Encompass Health to Acquire Alacare Home Health & Hospice for $217.5 Million

Encompass Health Corporation (NYSE: EHC) announced Monday that it has reached a definitive agreement to acquire “substantially all of the assets” of Birmingham, Alabama-based Alacare Home Health & Hospice. Under terms of the deal, Encompass Health will pay $217.5 million for the privately-owned company, SEC filings show.

The more than $200 million price tag for Alacare is roughly double the top-end amount Encompass Health previously told investors it aimed to spend on its acquisition pipeline in 2019.

Encompass Health will use cash on hand and its revolving credit facility to fund the purchase.

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“We’ve been talking to Alacare for years,” April Anthony, CEO of Encompass Health’s home health and hospice business, told Home Health Care News. “We’ve over the years had many occasions to talk about the potential opportunity … because our cultures just align so well.”

The ongoing discussion picked up in earnest late in Q4 2018, Anthony said, when Alacare officials got serious about selling the business. The deal is expected to close in Q2 2019.

As previously noted, the investment is significantly larger than what the company outlined for 2019 home health and hospice spending in its most recent earnings call. Encompass Health President and CEO Mark Tarr told investors the company would spend $50 to $100 million to grow and acquire new home health and hospice locations this year.

“When you have these big [acquisitions], it’s great, but you hate to promise that you’re going to catch a big fish when you’re just not sure what the opportunities are going to look like,” Anthony said. “So we’re always pretty conservative in that acquisition profile.”

Encompass Health is the largest owner and operator of in-patient rehabilitation facilities (IRFs) and the fourth-largest provider of Medicare-certified home health services in the United States. While the overall company is based in Birmingham, its home health and hospice segment is headquartered in Dallas.

Meanwhile, Alacare operates 23 home health locations and 23 hospice locations across Alabama, generating about $117 million in revenue in 2018.

The acquisition expands Encompass Health’s services into new markets and complements three markets in which it has existing IRFs in Alabama. It will also make Encompass Health one of the country’s top-10 largest hospice providers based on Medicare reimbursements, according to the company.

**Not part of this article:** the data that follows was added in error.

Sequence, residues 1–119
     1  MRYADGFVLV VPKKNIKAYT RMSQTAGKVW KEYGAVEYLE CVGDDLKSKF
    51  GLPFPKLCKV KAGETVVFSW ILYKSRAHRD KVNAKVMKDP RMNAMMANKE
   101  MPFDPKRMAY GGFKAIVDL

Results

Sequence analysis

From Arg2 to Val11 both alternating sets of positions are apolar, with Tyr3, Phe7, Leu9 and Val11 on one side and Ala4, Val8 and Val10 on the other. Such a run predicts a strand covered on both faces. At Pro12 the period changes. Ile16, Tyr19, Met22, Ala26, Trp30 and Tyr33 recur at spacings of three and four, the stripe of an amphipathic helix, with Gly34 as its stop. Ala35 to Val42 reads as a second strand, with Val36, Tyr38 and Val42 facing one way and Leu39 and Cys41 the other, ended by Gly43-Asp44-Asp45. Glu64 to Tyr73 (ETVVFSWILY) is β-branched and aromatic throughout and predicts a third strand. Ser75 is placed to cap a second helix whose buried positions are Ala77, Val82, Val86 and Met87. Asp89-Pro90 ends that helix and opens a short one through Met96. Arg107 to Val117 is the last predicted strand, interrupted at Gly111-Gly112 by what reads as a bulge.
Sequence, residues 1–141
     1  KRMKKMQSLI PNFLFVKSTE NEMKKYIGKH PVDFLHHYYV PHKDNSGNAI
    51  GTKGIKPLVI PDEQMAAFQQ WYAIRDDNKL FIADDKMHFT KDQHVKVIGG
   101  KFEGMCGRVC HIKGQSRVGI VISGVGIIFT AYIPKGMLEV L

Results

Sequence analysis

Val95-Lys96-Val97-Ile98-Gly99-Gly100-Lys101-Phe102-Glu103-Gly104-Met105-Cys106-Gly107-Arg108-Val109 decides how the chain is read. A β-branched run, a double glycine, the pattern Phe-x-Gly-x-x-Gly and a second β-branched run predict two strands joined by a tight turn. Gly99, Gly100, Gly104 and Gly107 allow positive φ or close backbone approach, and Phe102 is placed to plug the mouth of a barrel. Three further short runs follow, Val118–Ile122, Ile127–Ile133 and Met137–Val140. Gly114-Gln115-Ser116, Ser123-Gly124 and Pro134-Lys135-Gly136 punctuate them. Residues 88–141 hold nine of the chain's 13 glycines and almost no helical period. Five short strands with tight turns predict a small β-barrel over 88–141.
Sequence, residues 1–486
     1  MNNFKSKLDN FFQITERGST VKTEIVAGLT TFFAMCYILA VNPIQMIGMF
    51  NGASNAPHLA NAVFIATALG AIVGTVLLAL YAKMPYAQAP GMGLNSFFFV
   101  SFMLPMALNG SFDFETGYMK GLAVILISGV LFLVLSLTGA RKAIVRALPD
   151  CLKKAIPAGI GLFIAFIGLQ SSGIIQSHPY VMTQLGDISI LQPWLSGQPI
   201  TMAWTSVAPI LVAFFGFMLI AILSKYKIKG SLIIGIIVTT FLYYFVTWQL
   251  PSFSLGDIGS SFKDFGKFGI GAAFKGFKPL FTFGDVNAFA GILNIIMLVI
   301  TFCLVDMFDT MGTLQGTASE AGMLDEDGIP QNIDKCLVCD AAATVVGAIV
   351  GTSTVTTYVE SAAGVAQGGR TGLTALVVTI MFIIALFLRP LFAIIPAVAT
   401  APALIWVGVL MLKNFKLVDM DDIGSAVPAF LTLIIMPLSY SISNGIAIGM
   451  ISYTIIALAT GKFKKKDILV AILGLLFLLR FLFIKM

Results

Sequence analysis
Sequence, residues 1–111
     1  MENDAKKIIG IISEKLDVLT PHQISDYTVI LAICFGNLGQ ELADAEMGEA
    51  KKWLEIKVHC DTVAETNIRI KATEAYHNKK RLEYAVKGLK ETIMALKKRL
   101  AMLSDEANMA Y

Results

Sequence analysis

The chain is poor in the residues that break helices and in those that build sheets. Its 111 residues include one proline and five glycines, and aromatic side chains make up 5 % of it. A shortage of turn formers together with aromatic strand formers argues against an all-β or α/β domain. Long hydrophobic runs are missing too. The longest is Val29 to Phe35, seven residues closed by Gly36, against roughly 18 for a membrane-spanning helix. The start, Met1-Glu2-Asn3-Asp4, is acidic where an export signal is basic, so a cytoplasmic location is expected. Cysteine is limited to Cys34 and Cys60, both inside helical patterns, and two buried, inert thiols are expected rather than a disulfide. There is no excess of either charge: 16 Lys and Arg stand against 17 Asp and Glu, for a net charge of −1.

“We certainly had a presence in the state of Alabama, but we were not dominant in the state of Alabama,” Anthony said. “Now with the Alacare acquisition, this really gives us the opportunity to build a dominant presence there and to leverage those economies of scale and those reputational benefits that come with being a large player in the market.”  

While industry analysts weren’t expecting the deal, they were hardly shocked by it.

“The deal announced today is consistent with the M&A strategy that EHC has communicated to investors for the last few years which is to increase market density, increase overlap with the company’s  IRFs and build scale in hospice,” Dana Hambly, an analyst with independent financial services firm Stephens, told HHCN. “The Alacare deal looks to check all those boxes.”

On top of that, the acquisition shows Encompass Health is confident in its ability to adapt under the Patient Driven Groupings Model (PDGM), RBC Capital Markets analyst Frank Morgan told HHCN.

“It kind of shows a commitment to that strategy that they’re building for the long-term … so they really want to have both IRF and home health care capabilities,” Morgan said. “I think it also says, ‘Hey, look!’ I know everybody is worried and paying a lot of attention to PDGM coming next year, but my interpretation is they feel pretty comfortable or they wouldn’t be making a $200 million acquisition.”

Set to take effect Jan. 1, PDGM will revolutionize the way home health agencies operate and how they are reimbursed. Encompass Health has repeatedly reassured investors it is prepared for the changes and is continuing to push back on the model’s widely opposed behavioral adjustments.

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